Custodial work is labor intensive. There is a lot of walking, lifting, pushing, pulling and bending required in any given shift. As a result, sleep deprived or not, workers are more apt to face fatigue throughout their workday.

“Worker fatigue will continue to be a challenge,” says Crowe. “The key in most cases, is an engaged, knowledgeable, caring supervisor who monitors their crew and makes adjustments as necessary.”

Each person handles physical activity differently, so a manager should fit the job to the person as much as the person to the job. Consider manipulating the work schedule so tasks that require heavy physical labor or intense concentration are performed at the beginning of the shift.

Reducing physical fatigue can be accomplished by allowing frequent breaks. Craddock says managers should allow for 10-minute breaks after every 50 minutes of work. Allowing workers even a short break can go a long way in boosting productivity.

Providing proper tools is also an important factor in reducing physical fatigue. Some cleaning operations pair ergonomic equipment with their workers to reduce wear and tear on their bodies. Craddock recommends managers also get classroom certification on proper lifting and vacuuming techniques that will minimize fatigue.

“Try to vacuum for eight hours — your back, shoulders, elbows and wrists all start to hurt,” he says. “If you find a piece of equipment that is comfortable and show staff how to use it properly, with very little body motion, they’ll have less fatigue in the workplace.”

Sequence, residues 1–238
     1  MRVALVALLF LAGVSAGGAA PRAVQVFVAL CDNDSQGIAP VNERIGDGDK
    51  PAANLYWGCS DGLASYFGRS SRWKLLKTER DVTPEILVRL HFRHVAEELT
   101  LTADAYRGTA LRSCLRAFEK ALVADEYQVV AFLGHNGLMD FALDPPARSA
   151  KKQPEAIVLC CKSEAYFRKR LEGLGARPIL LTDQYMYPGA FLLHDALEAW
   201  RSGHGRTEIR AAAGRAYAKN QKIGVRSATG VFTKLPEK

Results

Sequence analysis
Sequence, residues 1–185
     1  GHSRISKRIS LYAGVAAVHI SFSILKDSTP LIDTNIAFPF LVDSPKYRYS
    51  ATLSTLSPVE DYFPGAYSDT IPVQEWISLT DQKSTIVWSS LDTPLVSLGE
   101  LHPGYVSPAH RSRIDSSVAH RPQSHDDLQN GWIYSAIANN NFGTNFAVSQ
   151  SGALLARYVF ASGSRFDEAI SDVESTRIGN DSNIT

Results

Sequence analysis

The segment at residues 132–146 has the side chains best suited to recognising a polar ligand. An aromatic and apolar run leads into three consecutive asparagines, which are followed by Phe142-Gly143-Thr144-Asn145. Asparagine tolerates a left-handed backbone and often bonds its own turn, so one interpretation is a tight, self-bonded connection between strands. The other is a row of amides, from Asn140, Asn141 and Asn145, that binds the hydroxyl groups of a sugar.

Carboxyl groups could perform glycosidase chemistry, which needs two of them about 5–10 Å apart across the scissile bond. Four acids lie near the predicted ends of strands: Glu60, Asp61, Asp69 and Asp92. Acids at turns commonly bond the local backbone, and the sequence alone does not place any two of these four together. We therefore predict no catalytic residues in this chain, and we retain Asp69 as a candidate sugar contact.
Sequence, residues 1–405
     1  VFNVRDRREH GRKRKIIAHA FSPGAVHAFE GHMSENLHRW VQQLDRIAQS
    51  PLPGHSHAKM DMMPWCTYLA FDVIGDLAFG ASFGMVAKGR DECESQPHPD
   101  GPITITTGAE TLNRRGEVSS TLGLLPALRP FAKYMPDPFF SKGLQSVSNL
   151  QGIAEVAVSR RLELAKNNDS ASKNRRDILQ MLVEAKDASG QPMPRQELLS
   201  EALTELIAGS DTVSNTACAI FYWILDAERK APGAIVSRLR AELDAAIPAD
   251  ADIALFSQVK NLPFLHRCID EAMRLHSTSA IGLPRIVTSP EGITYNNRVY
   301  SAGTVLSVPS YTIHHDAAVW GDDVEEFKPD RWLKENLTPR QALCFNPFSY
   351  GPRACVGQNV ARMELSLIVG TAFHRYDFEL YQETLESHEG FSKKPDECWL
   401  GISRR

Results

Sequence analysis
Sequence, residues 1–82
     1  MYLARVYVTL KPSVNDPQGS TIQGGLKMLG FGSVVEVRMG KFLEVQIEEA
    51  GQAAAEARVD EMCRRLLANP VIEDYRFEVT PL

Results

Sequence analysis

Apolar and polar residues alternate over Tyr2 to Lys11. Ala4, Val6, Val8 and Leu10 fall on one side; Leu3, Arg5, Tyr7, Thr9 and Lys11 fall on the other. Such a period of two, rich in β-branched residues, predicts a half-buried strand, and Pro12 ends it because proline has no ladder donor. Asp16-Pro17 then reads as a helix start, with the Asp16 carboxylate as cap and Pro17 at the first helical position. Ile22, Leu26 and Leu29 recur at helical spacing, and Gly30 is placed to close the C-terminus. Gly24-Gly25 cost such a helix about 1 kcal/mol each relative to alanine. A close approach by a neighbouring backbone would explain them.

Other measures that can be used to mitigate fatigue and the risks associated with shift work include avoiding quick shift changeovers, such as having custodians finishing at 11 p.m. and then reporting for work the next day at 7 a.m.

Managers should also control overtime, shift swapping and on-call duties. And, whenever possible, limit shifts to no longer than 12 hours.

It is also important to set shift rosters ahead of time and avoid sudden changes so workers can plan for leisure time. Where split shifts are used, arrange timing so sleep of workers is not disrupted due to the times they are required to work. And allocate shift workers consecutive days off, including some weekends, depending upon their fatigue risk level.

Managers should also consider the time it takes for workers to travel to and from work. Many custodial workers use public transportation so it’s important to take these schedules into account when setting shift times.

It is up to management to be on alert and aware of an employee’s personality changes, or changes in behavior that could indicate fatigue. Addressing the issue and correcting it will always be a better resolution than ignoring it. Besides the employee’s health, the safety of the employee and those who work with and around him/her is a major concern.

“Not addressing the obvious signs of fatigue and resolving the problem will lead to poor quality work, risk to employee safety and generally lower morale for the department,” says Cowan. “Managers must be alert and aware that fatigue is a real problem and confront it head on, then resolve it.” 

NICK BRAGG is a freelance writer based in Milwaukee, Wisconsin.